Corporations in a market: There's an argument to be made that for corporations in a new market, "slow growth equals slow death". The idea is that a large competitor automatically has a major advantage over their smaller rivals, due to various economies of scale, and will eventually crowd out their rivals. This may be the most prevalent form of hyper-competition in our economy, and this may make it seem like an intrinsic part of competitive markets. Kevin Carson has written a lot about artificial contributors to economies of scale, but the above author (inspired by ) doesn't seem to focus on the same mechanisms that Carson has. Instead, this author seems to focus on how consumer's respond to bigness; the companies benefit from name recognition, the network effect, and a general credibility that is associated with bigness. These observations suggest that hyper-competition arises from the corporate structure itself, and its ability to expand to fill the entire market, no matter how big. This may not be a problem if the corporate structure allowed for high levels of autonomy within the corporation (for instance, a franchise brand), but most corporations completely subsume all aspects of production, not just the components (e.g. branding and intellectual propety) that are particularly responsive to scale.
Tournament Markets: Some labor markets fall into a tournament (winner-take-all) structure. This is actually well studied by economists (see Wikipedia for links). This tournament structure may result from reputational positive-feedback -- achievements generate reputation, which produces opportunities, leading to more achievements. This plays a role in academia, and is similar to the corporate competition mentioned above. Sometimes employers explicitly use tournament logic as a strategy to motivate employees, though its value is debatable.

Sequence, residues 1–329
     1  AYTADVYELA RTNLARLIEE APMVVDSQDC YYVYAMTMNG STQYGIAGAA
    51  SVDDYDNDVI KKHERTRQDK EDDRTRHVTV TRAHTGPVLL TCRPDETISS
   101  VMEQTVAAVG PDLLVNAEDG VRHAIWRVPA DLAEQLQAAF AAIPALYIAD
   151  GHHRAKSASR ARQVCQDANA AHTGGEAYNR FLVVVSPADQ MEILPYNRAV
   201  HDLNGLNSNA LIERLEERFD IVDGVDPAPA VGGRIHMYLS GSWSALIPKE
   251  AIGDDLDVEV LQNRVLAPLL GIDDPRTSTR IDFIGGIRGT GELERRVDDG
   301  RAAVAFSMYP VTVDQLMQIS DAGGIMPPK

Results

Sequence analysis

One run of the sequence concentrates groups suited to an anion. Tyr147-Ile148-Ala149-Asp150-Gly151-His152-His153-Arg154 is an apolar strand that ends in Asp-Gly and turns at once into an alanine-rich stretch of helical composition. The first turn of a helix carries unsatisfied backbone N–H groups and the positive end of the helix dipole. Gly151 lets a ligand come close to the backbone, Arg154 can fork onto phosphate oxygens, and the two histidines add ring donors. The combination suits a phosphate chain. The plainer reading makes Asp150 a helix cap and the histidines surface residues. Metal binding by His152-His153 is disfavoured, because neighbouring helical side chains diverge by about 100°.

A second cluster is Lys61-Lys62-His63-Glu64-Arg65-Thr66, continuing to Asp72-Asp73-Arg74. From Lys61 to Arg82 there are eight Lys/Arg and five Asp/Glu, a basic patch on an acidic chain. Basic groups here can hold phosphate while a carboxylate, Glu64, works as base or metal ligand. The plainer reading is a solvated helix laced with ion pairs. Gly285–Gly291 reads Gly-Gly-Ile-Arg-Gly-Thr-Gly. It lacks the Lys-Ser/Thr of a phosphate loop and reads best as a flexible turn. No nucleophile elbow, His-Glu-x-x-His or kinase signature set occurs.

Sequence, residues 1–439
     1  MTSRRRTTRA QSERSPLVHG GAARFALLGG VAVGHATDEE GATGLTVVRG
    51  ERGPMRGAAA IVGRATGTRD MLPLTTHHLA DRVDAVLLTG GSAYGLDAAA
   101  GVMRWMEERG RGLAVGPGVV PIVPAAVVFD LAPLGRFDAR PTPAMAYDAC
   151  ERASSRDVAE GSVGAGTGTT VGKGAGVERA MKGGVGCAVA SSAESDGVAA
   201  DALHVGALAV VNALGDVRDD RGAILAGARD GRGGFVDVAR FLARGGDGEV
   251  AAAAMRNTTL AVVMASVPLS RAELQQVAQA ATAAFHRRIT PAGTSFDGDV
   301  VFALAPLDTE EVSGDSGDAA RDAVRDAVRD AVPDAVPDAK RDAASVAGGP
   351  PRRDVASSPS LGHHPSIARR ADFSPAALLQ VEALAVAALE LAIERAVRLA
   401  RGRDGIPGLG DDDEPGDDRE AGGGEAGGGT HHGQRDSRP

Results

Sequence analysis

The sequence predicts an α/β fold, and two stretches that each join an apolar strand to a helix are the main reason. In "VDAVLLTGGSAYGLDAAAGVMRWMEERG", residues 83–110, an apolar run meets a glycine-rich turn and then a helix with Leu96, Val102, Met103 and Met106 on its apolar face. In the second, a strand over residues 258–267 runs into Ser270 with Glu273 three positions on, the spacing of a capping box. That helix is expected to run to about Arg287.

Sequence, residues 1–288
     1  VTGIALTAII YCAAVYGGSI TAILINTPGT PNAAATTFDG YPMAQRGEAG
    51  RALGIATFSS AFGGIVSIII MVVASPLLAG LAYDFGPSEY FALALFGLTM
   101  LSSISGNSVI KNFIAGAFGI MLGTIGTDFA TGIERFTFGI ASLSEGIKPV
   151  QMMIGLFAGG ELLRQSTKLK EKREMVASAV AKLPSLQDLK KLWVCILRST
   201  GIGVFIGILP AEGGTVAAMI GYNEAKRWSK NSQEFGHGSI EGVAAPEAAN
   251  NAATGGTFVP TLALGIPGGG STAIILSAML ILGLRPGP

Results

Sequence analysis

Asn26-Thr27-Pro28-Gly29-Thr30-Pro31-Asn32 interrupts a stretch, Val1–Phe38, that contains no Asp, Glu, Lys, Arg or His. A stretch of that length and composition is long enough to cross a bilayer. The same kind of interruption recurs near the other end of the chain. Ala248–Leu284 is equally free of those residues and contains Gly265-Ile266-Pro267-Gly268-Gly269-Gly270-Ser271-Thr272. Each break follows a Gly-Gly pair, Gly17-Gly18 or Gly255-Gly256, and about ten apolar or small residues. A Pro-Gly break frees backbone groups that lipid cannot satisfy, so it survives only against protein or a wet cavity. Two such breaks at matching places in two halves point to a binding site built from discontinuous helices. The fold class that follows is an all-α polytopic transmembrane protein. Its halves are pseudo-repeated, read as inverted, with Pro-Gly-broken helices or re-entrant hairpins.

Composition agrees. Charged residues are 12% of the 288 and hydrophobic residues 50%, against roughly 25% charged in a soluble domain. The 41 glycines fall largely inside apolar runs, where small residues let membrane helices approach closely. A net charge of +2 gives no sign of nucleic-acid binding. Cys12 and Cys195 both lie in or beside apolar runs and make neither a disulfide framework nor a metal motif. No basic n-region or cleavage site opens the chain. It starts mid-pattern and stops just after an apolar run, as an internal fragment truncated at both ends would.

Monopolistic practices: In general, if one market participant can exclude newcomers from entering the market, then it can gain very large rewards for being the first to be established. There are many practices in this category, but the most egregious are those that are enabled by the state, such as the enforcement of non-compete clauses in employee contracts. These practices can even apply more broadly, by making sure that certain high-paying professions are more accessible to those who are born into wealth, thereby protecting wealth that may have been earned (or plundered) in earlier competitive activities. See the Conservative Nanny State for examples.
Elections: Elections are perhaps the cleanest example of a winner-take-all competition that has a real impact on our lives. As with any job opening, the individual candidates will "win" or "lose", but because those candidates represent different factions in society, elections result in widespread winning and losing across society. Many citizens don't ever win, because none of the "serious" candidates share their concerns. Even in the legislature, the pattern of "winning and losing" continues as the majority passes legislation over the objection of the minority, though members of the legislative minority still get some influence.
Indeed, the hyper-competition of politics seems to be the source of much of the hyper-competition in society as large, as various special interest groups vie for political power that they can transform into special economic privileges. The observation of deep hyper-competition at the core of the state should give pause to any who intend to use the state to promote fairness in society. Perhaps their first goal should be to assure fairness within the state itself.